Known myositis-specific antibody profiles may shed insight into additional aspects of the clinical phenotype presented in the patient (Clin Rev Allergy Immunol). For example, patients with antibodies against Jo-1, EJ, and PL-7 often present with anti-synthetase syndrome. Interestingly, the TIF1-γ antibody is strongly associated with malignancy (Curr Opin Rheumatol). This led us to wonder whether this antibody may represent the link between her prior malignancy and current presentation; however, TIF1-γ autoantibody was not present in our patient. Although our patient had elevated ANA, suggesting the presence of numerous autoantibodies, the only positive antibody with the myositis-associated anti-PM-Scl100, which is not specific for dermatomyositis. Since the antibody panel did not provide significant insights, the Pathways Consult Service team was interested in what antibodies were measured during the ANA assay.
Current dermatomyositis literature does not demonstrate strong evidence of genetic inheritance or viral etiology. Still, it does provide some evidence for connections between environmental exposures (UV radiation, hydroxyurea) (Arthritis Rheum, Australas J Dermatol) and malignancy (Arthritis Rheumatol). Malignancy may trigger dermatomyositis through autoimmune processes. Indeed, a link between cancer and autoimmunity was recently described in a study showing anti-RNApol3 in scleroderma (Arthritis Rheumatol). In this case, a missense mutation in the tumor genome led to the development of a neoantigen and subsequent autoantibody production. These findings, coupled with a history of rectal adenocarcinoma, led us to hypothesize that the malignancy was driving the autoimmune condition in our patient.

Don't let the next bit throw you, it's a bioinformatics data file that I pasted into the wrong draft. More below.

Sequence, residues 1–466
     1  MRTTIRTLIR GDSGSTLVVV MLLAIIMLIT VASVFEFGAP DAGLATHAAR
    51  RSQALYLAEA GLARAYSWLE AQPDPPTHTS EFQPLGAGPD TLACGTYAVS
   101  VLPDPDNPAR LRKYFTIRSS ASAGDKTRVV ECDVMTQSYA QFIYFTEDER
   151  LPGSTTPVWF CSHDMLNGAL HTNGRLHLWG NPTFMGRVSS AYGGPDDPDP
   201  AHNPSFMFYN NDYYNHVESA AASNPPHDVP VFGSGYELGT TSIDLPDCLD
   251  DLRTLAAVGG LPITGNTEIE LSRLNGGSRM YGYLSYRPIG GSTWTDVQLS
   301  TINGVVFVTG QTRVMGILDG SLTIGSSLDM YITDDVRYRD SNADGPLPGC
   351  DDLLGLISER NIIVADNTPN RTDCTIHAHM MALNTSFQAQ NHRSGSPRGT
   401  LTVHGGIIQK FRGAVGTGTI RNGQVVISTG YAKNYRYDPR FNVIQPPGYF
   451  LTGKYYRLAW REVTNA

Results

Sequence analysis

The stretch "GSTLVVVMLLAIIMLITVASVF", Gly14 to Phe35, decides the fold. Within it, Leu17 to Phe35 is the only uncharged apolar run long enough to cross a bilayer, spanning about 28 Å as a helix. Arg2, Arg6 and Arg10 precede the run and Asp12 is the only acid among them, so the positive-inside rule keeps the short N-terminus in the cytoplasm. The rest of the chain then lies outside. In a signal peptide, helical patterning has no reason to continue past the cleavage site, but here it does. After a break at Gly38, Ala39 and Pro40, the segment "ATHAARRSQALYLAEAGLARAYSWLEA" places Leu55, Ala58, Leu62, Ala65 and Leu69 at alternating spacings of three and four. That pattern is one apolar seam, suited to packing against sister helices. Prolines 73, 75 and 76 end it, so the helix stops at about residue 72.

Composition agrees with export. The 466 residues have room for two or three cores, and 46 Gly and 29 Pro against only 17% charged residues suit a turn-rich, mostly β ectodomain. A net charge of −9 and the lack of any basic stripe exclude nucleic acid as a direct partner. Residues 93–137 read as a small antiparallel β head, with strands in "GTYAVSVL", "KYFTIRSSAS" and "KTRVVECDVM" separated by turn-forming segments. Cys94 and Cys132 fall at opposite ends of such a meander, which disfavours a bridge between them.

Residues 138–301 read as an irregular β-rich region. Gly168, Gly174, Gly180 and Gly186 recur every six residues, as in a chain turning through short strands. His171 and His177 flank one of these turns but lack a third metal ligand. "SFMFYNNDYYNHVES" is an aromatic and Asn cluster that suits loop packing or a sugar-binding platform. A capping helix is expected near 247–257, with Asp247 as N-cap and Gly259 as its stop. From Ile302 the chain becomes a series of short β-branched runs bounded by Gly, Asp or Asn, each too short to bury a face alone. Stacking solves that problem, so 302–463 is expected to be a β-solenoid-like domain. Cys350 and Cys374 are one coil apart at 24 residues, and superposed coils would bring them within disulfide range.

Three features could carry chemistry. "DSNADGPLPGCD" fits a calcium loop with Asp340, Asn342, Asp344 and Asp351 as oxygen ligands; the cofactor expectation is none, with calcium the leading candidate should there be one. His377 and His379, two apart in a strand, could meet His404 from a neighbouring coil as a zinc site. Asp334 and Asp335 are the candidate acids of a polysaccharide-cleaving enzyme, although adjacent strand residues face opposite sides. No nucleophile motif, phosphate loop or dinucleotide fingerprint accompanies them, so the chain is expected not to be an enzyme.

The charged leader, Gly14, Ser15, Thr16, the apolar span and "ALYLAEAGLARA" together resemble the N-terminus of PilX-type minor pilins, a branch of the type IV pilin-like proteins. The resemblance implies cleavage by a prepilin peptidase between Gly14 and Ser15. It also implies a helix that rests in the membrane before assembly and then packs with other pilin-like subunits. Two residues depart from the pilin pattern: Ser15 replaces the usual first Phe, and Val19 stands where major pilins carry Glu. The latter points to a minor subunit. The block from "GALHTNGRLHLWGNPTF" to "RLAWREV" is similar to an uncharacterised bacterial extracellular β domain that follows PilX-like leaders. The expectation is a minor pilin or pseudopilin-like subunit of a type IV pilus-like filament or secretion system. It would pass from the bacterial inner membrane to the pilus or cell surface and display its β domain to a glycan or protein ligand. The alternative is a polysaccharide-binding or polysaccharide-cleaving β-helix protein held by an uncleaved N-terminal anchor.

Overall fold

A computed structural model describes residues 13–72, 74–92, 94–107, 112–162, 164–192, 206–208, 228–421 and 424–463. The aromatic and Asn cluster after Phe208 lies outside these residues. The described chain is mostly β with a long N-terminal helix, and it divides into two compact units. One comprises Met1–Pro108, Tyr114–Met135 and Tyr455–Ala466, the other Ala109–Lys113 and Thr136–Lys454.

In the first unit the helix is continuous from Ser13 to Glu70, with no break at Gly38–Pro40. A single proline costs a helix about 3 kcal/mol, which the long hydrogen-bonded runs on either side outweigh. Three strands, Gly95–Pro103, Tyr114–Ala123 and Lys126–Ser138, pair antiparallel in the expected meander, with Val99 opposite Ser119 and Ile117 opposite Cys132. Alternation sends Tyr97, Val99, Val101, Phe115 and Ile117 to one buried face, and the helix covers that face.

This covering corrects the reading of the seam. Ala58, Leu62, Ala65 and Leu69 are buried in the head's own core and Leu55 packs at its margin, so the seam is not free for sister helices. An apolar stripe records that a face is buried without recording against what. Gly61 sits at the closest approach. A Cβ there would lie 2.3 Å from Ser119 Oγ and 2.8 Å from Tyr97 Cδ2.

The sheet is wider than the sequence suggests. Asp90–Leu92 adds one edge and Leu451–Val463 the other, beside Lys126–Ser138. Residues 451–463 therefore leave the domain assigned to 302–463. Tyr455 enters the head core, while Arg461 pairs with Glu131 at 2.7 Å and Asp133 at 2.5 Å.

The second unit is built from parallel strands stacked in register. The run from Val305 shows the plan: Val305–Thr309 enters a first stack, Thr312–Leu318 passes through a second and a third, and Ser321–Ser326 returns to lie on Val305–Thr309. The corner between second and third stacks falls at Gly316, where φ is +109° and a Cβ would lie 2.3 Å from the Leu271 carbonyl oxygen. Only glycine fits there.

Based on our current understanding of dermatomyositis and our patient's medical history, we propose two potential mechanisms for her condition:
- Her immune system is reacting to tumor-produced neoantigens (from either occult recurrence of rectal cancer or development of a second malignancy), leading to autoimmunity
- She has unidentified circulating autoantibodies that bind to antigens typically present in skin and muscle tissue
Investigating the neoantigens through whole-exome sequencing of the tumor and observing antigen-T cell interactions may provide a critical window into our patient's disease presentation. Additionally, isolating autoantibodies in circulating plasmablasts (immature plasma B cells) and subsequent sequencing for heavy and light chains would enable us to map clonally dominant sequences. We could then reverse engineer the monoclonal antibody and introduce these to the patient sample to isolate the antigen(s) contributing to disease in our patient.
Summary and Future Steps
The term "dermatomyositis" represents a diagnostic box defined by clinical and histologic observations that do not reflect the true complexity and heterogeneity of the underlying disease pathophysiology of the disease. Previous studies have established a connection between malignancy and the formation of autoantibodies in scleroderma, leading our team to hypothesize a similar phenomenon in our patient. Following consultation with our panel of experts, we designed a series of experiments to establish whether this was truly a driving factor in the disease. Although these complex experiments would require years of work, our exploration into the connection between malignancy and autoimmune disease culminates in two clinical recommendations:
- Our patient should be thoroughly screened for other malignancies, including a transvaginal ultrasound for ovarian cancer
- Shorter intervals should be implemented for age-appropriate cancer screenings in a patient with dermatomyositis
Learn more about the Pathways Consult Service at Mass General